Amanda Connolly is a reporter for The Next Web, currently based in London. Originally from Ireland, Amanda previously worked in press and ed Amanda Connolly is a reporter for The Next Web, currently based in London. Originally from Ireland, Amanda previously worked in press and editorial at the Web Summit. She’s interested in all things tech, with a particular fondness for lifestyle and creative tech and the spaces where these intersect. Twitter
1Password is changing the way it encrypts users data in an attempt to keep metadata protected.
The move comes after Dale Myers, a sofware engineer at Microsoft, exposed the password manager’s vulnerabilities. Myers post showed that the file formats being used by 1Password were not encrypted, meaning people who use the 1PasswordAnywhere service were having their login details saved in plain text, which isn’t ideal.
The reason 1Password hasn’t been encrypting its metadata is because when it first started out in 2008, it was unmanageable to decrypt users saved URLs every time someone wanted to access one.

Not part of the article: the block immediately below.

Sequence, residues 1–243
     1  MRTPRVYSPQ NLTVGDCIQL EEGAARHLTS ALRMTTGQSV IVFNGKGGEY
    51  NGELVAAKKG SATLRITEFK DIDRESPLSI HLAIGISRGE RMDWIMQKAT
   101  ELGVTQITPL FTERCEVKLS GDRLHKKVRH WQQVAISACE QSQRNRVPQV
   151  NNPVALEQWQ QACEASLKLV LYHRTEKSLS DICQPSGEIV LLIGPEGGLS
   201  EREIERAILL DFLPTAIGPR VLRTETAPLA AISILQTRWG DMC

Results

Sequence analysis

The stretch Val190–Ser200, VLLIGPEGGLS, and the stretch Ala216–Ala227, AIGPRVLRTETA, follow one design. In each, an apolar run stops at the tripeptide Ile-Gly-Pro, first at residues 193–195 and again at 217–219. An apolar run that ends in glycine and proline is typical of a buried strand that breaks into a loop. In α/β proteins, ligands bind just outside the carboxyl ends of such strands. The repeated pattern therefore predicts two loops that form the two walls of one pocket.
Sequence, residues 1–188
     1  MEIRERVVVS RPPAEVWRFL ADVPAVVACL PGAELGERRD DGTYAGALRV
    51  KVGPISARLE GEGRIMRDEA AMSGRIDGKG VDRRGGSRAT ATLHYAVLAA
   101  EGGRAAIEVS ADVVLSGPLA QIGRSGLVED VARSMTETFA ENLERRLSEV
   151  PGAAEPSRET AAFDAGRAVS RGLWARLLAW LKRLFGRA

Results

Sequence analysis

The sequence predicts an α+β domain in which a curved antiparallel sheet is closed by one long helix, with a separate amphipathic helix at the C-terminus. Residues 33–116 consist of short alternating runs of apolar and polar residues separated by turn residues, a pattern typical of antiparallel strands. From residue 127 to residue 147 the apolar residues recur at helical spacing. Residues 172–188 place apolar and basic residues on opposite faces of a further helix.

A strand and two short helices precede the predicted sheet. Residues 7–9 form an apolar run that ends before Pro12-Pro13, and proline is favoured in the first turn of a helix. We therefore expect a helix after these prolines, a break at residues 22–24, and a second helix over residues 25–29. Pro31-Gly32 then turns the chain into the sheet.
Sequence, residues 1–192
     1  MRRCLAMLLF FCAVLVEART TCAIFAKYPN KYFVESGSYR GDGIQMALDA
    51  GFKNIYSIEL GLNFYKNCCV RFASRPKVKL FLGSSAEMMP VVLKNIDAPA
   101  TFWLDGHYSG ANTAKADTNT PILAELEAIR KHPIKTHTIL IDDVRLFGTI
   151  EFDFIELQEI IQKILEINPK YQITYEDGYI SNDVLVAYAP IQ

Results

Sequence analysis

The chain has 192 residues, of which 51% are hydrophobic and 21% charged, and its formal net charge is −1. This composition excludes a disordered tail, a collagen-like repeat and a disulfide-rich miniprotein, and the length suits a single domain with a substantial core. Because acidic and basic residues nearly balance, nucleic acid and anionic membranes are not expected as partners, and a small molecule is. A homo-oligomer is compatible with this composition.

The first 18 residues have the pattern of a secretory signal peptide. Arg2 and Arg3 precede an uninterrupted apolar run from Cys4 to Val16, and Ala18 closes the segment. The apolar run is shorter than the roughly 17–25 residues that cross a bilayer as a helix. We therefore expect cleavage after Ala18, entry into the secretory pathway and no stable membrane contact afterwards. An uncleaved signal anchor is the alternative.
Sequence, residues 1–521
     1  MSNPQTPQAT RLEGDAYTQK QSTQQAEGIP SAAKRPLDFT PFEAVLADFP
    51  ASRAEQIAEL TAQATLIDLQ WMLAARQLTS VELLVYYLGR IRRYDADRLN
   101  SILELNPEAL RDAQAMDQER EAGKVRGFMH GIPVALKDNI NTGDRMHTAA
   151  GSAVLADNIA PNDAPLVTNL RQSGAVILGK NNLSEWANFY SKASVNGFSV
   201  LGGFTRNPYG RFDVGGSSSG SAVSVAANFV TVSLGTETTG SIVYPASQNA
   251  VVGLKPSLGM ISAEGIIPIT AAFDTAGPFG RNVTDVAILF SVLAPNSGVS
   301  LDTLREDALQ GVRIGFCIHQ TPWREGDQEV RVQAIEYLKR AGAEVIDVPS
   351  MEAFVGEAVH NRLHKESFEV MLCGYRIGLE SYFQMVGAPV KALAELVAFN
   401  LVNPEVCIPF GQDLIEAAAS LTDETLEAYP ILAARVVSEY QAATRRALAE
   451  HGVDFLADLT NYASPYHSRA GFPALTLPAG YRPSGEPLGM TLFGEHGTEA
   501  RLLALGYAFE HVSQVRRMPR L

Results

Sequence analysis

This isn’t really an issue for people only using 1Password on their own machines as the company doesn’t save information on its own servers, but using the 1PasswordAnywhere service means the data is being accessed remotely on various machines, making it much more open to attacks.
1Password will be making the transition over the coming weeks, but if you’re concerned about security and want to make the switch now, you can do it manually using the instructions given by AgileBits, the app’s developer.
➤ When a leak isn’t a leak [AgileBits via Engadget]
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